So, even though the recipes do not exactly align with the philosophy behind this blog, I decided to give it a go because it’s a very nice stroll down memory lane.
This salad features Roman artichokes hearts which, when fresh, are delicious eaten raw. They are slightly tangy, with a subtle ‘metallic’ aftertaste and a rich, prominent, unique flavor. Artichokes are great liver cleansers: all vegetables with the same alkaline kind of aftertaste (think cardoons, burdock, some bitter greens) have the incredible property of ridding your systems of toxins, especially when eaten raw with plenty of lemon juice and some cold-pressed extra virgin olive oil for a kick of healthy fats. The addition of mint makes it super refreshing, while Pecorino ties this recipe to the culture of Rome in a loving, tight bond.
Just FYI – the shaved artichokes WILL get a little brown, even when doused in lemon. That’s ok though! Just serve this salad as soon as possible. Even if you leave the leftover in the fridge and turn a bit brown, it is still going to be delicious.
If I make a big batch and have leftovers, I like to use them as a base for a frittata, or for a spring salad with sautéed peas and onion, or just added to any other raw vegetable (hint: it’s totally worth making a big batch!)
This salad goes very well with pretty much every other simple Italian style dish.
ON CLEANING ARTICHOKES: Unless you can find pre-cleaned and pruned artichokes, you will have to do the job yourself. I explain how to do it in detail in this post (and in this post as well), where you can also find a little guide on the various kinds of artichokes available.
IF YOU CAN’T FIND ROMANESCO ARTICHOKE: substitute any kind of young, fresh artichoke, in season and as fresh as possible.
- 3 tablespoons fresh lemon juice, and more to taste, plus the juice of half a lemon for the acidulated water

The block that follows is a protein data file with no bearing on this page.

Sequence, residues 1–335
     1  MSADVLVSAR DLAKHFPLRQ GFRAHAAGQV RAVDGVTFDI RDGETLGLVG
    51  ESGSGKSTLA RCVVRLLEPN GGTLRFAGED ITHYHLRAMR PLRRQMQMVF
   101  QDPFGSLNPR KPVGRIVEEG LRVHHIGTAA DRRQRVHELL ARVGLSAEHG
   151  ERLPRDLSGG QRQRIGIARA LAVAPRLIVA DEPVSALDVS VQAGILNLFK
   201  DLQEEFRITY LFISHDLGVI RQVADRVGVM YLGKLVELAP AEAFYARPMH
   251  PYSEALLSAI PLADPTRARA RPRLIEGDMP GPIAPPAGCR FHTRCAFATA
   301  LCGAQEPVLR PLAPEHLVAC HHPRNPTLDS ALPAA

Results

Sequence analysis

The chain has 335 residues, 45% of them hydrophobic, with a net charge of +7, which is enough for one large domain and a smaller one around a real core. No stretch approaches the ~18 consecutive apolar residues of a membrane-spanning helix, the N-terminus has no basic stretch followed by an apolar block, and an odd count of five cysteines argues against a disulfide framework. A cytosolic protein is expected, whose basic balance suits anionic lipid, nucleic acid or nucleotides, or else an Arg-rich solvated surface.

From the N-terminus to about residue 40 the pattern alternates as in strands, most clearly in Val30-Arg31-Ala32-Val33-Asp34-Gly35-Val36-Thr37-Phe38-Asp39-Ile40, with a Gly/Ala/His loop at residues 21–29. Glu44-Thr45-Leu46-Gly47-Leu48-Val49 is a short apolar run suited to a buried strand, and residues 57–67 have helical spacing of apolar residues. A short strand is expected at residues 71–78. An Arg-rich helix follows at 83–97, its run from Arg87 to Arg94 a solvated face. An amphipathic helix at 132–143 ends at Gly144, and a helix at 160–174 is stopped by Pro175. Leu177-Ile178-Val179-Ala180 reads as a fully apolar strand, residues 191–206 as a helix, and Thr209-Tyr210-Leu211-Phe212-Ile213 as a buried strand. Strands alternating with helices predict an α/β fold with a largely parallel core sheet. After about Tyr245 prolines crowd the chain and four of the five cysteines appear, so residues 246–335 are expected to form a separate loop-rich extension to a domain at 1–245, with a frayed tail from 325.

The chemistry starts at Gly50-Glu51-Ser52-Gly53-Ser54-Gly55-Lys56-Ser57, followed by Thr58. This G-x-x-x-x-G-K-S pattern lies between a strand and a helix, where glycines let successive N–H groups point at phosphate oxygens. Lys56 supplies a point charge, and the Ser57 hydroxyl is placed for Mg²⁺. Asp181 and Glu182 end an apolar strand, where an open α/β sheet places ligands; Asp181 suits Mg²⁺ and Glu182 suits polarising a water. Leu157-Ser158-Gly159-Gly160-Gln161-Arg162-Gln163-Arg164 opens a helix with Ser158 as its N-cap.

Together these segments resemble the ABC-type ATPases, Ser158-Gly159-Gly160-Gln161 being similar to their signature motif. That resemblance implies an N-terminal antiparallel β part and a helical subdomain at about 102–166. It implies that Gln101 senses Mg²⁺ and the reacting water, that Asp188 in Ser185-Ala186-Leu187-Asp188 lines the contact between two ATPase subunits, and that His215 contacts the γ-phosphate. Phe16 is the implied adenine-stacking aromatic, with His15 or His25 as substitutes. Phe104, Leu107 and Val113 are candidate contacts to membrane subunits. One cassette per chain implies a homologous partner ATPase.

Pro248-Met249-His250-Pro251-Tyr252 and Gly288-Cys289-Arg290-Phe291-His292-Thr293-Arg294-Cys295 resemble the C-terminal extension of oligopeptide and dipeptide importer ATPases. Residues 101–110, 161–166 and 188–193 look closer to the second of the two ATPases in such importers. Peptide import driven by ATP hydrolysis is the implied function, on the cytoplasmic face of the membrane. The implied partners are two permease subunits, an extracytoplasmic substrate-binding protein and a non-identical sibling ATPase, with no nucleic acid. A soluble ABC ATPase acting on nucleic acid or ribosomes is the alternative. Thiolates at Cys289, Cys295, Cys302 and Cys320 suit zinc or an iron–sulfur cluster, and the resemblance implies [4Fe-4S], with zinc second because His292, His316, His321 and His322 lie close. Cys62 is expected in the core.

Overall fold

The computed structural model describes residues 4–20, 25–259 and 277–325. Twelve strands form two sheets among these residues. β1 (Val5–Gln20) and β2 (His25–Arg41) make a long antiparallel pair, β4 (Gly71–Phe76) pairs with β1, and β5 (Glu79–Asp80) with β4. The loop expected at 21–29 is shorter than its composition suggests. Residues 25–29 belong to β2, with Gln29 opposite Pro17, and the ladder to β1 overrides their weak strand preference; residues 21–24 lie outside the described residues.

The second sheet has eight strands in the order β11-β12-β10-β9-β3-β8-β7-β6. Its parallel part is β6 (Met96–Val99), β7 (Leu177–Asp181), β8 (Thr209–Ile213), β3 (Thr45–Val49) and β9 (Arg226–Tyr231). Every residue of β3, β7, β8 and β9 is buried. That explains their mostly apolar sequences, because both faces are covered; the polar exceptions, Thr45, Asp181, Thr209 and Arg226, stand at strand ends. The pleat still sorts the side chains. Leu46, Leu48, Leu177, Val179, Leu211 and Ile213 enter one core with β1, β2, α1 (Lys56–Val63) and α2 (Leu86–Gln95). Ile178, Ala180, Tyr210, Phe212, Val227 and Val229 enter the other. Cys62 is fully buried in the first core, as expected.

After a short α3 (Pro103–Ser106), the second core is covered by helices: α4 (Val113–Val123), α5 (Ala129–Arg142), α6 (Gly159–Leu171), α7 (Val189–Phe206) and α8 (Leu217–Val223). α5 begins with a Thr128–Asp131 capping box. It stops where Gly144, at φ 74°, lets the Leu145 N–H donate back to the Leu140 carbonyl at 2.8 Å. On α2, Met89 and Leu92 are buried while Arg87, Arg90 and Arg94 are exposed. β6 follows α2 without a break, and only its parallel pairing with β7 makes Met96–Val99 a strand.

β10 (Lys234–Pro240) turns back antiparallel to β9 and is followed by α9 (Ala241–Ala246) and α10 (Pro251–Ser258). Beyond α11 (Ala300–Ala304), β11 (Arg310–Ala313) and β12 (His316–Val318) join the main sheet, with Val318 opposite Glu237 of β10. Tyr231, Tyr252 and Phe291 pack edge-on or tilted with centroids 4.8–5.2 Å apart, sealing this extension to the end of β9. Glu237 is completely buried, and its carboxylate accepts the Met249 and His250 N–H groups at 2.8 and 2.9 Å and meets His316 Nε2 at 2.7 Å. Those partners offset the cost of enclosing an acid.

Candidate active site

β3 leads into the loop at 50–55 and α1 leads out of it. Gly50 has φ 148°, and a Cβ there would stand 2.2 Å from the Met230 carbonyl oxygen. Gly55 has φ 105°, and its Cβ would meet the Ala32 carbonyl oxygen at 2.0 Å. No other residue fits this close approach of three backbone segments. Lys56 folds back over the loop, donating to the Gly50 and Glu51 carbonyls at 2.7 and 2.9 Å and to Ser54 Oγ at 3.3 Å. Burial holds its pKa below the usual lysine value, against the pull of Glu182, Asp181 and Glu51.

- 4 tender young artichokes, trimmed (see notes)
- ¼ cup extra virgin olive oil
- Sea salt and freshly cracked black pepper to taste
- 1 tablespoon fresh mint leaves
- Liberal amounts of shaved Grana cheese or Parmesan
- Set aside the 3 tablespoons of lemon juice in a bowl, and add the rest of the half lemon into a large bowl full of water to make acidulated water for the artichokes. After you cleaned the artichokes (see notes above), add them to the acidulated water so they don't brown.
- Halve each artichoke and check if there is any fuzzy inner parts you might find (the fresher the artichokes, the less likely there will be fuzz).
- Thinly slice the artichokes and add the to the bowl with the lemon juice as you slice them. Add the olive oil, salt and pepper to taste and mix well.
- At this point, you can either finely julienne the mint and stir it in, or just tear the leaves and add as a garnish on top.
- Shave pieces of cheese with a vegetable peeler, and serve straight away.
Have you ever been to Rome? And do you like / use artichokes? What is your best recipe?
Reprinted from TASTING ROME: FRESH FLAVORS AND FORGOTTEN RECIPES FROM AN ANCIENT CITY Copyright ©2016 by Katie Parla and Kristina Gill. Published by Clarkson Potter, an imprint of Penguin Random House LLC.